Allain certainly wrote a love story, and Jones certainly delivered it on screen. But the one relationship that shines through this movie, from start to finish, is that of Selina and Julia. Even when it seems that Julia is manipulative and selfish, her final redemption and the mending of their attachment is a wonderful moment of sisterhood. In my humble opinion, the real love story of Mr Malcolm’s List is that of enduring female friendship which begins to transcend class boundaries and survives both jealousy and ego.

Amber Williams is a second year, Midlands4Cities (AHRC) PhD student at the University of Nottingham. Her thesis, ‘The Duel in Britain, 1780-1845’, seeks to explore the phenomena of duelling in the British Romantic Era. Her work and interests focus on the way duelling in literature and art interacts with presentations of masculinity, violence, and reputation; female agency and disempowerment; and British colonial influences through the military, and national and international politics. You can follow her on Twitter here.

On This Day in 1822 – Lord Byron’s The Vision Of Judgement and The Liberal

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The BARS ‘On This Day’ Blog series celebrates the 200th anniversary of literary and historical events of the Romantic period. Want to contribute a future post? Get in touch.

The BARS ‘On This Day’ series brings you Almudena Jimenez Virosta’s discussion of Lord Byron’s The Vision of Judgement which was first published on this day in the first edition of The Liberal.

Today marks the bicentenary of two events: the publication of Lord Byron’s The Vision of Judgement, and of The Liberal – the very first issue of the periodical in which the poem first appeared. Edited by Leigh Hunt and founded by Byron and Percy Bysshe Shelley, the radical journal was short-lived from the beginning, especially given Shelley’s demise three months earlier in July 1822. However, in only four volumes, The Liberal housed significant pieces for Romantic Studies, such as Shelley’s translations from Faust, included in this issue, and William Hazlitt’s My First Acquaintance with Poets, in the third. According to Mary Shelley’s reporting to Edward Trelawny in May 1823, this issue was enjoyable:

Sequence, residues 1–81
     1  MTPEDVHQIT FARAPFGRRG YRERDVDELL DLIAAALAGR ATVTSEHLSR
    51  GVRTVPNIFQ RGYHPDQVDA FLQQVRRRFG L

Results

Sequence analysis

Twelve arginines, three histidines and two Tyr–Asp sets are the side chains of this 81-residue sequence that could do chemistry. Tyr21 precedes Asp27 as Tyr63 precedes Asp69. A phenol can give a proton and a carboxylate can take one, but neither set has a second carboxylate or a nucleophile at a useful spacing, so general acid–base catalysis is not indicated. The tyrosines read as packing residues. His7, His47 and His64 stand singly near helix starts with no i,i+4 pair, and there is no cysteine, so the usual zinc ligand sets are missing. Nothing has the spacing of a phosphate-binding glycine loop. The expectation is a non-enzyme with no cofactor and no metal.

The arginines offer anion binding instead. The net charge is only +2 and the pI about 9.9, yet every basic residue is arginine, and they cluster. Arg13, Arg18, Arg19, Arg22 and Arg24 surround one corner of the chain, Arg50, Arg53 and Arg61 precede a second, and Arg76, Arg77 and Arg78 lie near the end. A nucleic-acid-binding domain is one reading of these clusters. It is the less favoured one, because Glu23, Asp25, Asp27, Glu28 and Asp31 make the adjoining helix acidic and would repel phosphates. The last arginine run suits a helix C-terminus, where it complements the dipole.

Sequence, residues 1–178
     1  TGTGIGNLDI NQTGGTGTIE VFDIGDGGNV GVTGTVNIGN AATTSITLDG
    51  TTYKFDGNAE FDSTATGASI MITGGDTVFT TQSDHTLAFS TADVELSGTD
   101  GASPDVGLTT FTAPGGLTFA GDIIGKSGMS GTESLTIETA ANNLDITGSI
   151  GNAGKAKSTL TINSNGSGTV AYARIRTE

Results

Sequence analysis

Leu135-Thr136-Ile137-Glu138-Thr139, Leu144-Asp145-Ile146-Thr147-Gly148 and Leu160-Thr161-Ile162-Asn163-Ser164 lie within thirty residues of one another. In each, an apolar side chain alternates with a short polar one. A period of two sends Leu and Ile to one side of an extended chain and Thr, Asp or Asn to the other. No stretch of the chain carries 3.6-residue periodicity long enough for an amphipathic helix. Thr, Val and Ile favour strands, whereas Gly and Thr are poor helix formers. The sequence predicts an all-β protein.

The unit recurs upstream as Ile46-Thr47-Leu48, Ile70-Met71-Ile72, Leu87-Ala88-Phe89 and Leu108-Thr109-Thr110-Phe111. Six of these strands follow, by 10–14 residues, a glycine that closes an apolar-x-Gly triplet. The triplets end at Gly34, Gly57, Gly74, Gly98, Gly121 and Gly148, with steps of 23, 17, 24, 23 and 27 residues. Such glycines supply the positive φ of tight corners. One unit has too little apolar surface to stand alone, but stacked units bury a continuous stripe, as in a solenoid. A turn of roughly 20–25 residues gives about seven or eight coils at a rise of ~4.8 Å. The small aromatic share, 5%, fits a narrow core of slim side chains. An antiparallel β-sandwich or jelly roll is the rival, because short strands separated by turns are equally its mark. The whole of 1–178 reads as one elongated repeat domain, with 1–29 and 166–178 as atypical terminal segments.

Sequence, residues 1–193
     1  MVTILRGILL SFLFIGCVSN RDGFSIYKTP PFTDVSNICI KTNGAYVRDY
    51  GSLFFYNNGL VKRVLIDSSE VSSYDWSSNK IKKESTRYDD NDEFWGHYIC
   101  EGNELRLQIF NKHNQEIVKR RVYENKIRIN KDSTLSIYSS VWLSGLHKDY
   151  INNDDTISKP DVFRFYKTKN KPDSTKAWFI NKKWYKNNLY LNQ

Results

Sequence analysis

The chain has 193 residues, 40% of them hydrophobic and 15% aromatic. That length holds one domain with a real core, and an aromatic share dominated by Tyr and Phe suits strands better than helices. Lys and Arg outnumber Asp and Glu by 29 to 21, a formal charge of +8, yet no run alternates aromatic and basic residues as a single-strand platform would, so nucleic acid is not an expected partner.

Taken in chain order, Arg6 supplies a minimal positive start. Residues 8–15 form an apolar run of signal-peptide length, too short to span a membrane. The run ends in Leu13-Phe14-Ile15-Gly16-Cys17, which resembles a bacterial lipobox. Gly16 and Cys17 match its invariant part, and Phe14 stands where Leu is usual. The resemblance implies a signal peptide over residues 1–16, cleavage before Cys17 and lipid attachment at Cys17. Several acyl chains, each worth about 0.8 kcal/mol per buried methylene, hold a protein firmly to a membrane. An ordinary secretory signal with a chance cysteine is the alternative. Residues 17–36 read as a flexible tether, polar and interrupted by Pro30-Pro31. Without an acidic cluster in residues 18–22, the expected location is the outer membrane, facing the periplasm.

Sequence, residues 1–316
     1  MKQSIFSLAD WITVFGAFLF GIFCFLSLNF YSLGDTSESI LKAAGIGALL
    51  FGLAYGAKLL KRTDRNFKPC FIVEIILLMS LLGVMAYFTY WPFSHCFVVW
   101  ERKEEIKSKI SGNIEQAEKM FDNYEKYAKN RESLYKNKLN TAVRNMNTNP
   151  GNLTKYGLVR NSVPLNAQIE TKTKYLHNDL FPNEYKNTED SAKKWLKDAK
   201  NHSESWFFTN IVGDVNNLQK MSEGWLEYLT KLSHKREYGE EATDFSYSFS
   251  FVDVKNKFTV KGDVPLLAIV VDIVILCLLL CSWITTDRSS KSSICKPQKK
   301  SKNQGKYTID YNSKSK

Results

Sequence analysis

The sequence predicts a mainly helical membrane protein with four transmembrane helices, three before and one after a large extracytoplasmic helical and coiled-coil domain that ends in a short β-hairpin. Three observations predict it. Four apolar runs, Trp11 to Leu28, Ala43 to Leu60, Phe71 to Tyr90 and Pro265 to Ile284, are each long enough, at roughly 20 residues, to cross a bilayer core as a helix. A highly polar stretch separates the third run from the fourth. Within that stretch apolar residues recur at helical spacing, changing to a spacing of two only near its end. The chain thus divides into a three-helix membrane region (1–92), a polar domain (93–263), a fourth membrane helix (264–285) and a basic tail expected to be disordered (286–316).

'I had no opportunity to send you a second No. of the Liberal [...] the third number has come out, and we had a copy by post. It has little in it we expected, but it is an amusing number, and [Lord Byron] is better pleased with it than any other....' [1] 

Byron was unhappy with the first issue since it contained an unpolished version of his poem. He had previously sent the corrected manuscript to his friend Douglas Kinnaird who, unfortunately, had not said a word to John Hunt––the printer and brother of Leigh––nor to John Murray, who Byron initially thought to be the culprit [2]. The Vision of Judgement had been written in response to Robert Southey’s A Vision of Judgement (note how Byron changes the articles to ridicule Southey’s), and, as such, it needed to be flawless. However, it had been published without a preface.

As its title suggests, The Vision is a satire about the future of the deceased George III in Heaven that sought to counteract what, according to Byron, was nothing but Southey’s demonstration of ‘gross flattery’, ‘dull impudence, […] renegado intolerance and impious cant’ [3]. Although the two works share the plot and characters, they are often read as opposing ways of fictionalising history as they both address the life and afterlife of the same king according to their contrasting political views. By that time, Byron was no longer a prominent Whig figure, but Southey was as notable as ever in the Tory sphere. Southey had converted his political affiliations twenty years before, not having seen his reputation decay after the publication in 1817 by adversaries of his 1794 Wat Tyler, written amid his revolutionary years. Nonetheless, Byron considered his work still capable enough of stirring political discrepancies. Thus, in a letter written in February 1822, he asked Kinnaird to